Young people, if they are to make well informed choices as they move from education into the labour market, require sound information on jobs, the skills they need for them, earnings and so on. Close relations with employers enables access to this information and they are often willing to help develop career materials, give talks, attend events and even provide mentoring. Cities are in a good position to gather together information on employer needs and labour market trends and then produce attractive materials for young people to help guide their education, training and job decisions. In Leeds City Region the Local Enterprise Partnership has produced a series of sector factsheets detailing job trends and opportunities, wages, qualifications required and so on, for use in careers counseling
Build long term relations between employers and the education systemURBACT Markets network, the growth of foreign inward investment and the need to move up the value chain, has changed the local labour market, driving demand for more highly skilled young people. They have developed relations with schools, increasing the vocational component; and created an academic hub to encourage university/economy collaboration. Building these bridges between the worlds of education and work, helps prepare young people for the world of work, increases the likely relevance of vocational education and training and raises awareness on all sides – employer, education provider and young person.
A permanent dialogueSky Broadcasting are keen to secure their future talent pipeline and have established the Sky Academy, to help young people reach their potential and give them the skills they need to do so. They run programmes with star athletes as mentors in schools; provide opportunities to use state of the art technology to create news reports; and provide work experience, work placements, apprenticeships and graduate programmes.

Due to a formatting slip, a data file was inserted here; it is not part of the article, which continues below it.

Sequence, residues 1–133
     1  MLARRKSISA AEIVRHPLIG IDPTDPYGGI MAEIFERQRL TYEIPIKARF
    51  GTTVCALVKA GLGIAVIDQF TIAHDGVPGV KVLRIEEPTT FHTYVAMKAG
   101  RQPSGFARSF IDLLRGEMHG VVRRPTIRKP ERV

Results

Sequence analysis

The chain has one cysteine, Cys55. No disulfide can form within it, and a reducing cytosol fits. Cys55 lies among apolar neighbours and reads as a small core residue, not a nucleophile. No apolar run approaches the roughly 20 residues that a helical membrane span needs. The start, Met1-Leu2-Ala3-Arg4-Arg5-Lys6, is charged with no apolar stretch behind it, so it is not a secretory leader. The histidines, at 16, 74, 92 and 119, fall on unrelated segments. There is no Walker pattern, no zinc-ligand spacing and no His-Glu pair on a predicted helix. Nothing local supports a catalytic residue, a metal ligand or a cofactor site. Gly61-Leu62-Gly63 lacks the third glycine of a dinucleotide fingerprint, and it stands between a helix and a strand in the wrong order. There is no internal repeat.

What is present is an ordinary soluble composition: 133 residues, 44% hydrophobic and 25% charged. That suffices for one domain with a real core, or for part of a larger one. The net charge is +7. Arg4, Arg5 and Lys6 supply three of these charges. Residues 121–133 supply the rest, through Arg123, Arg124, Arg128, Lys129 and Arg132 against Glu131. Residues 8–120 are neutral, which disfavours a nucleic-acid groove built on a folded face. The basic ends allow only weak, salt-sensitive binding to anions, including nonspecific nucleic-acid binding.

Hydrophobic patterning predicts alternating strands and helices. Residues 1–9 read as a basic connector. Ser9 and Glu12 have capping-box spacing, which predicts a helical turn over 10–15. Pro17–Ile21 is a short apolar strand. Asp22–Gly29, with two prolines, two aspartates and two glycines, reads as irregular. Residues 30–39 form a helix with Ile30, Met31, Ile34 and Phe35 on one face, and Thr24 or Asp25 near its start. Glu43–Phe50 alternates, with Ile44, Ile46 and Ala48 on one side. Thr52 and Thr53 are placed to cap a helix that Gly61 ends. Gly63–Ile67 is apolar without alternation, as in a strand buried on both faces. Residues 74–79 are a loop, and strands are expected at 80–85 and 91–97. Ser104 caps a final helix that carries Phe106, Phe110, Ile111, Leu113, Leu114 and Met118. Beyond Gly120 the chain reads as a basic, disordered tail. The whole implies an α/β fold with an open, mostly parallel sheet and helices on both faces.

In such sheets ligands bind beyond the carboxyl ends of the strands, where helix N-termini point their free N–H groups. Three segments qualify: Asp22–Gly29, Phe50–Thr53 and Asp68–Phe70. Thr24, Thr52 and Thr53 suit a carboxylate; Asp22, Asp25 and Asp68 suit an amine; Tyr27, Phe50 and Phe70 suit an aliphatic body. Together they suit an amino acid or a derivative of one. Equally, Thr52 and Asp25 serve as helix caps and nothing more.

From sustained dialogue, it is a short but important step to the co-creation by partners of an integrated strategy to address youth employment. Establishing together a vision, priorities, objectives and an associated action plan, which is regularly monitored and reviewed is not only likely to lead to a more co-ordinated approach and draw on all the talents available, but also to achieve more effective outcomes. It can help lock in commitment and secure a common purpose. And it may be more able to tackle the ‘wicked issues’ that arise e.g. the balance between differing levels of skills provision; the links between education, employment and economic development policies. As the emphasis of action moves from the supply side (young people) to the demand side (jobs), wider issues than young people arise like inward investment, sector and cluster policy, supply chains, business development and competitiveness.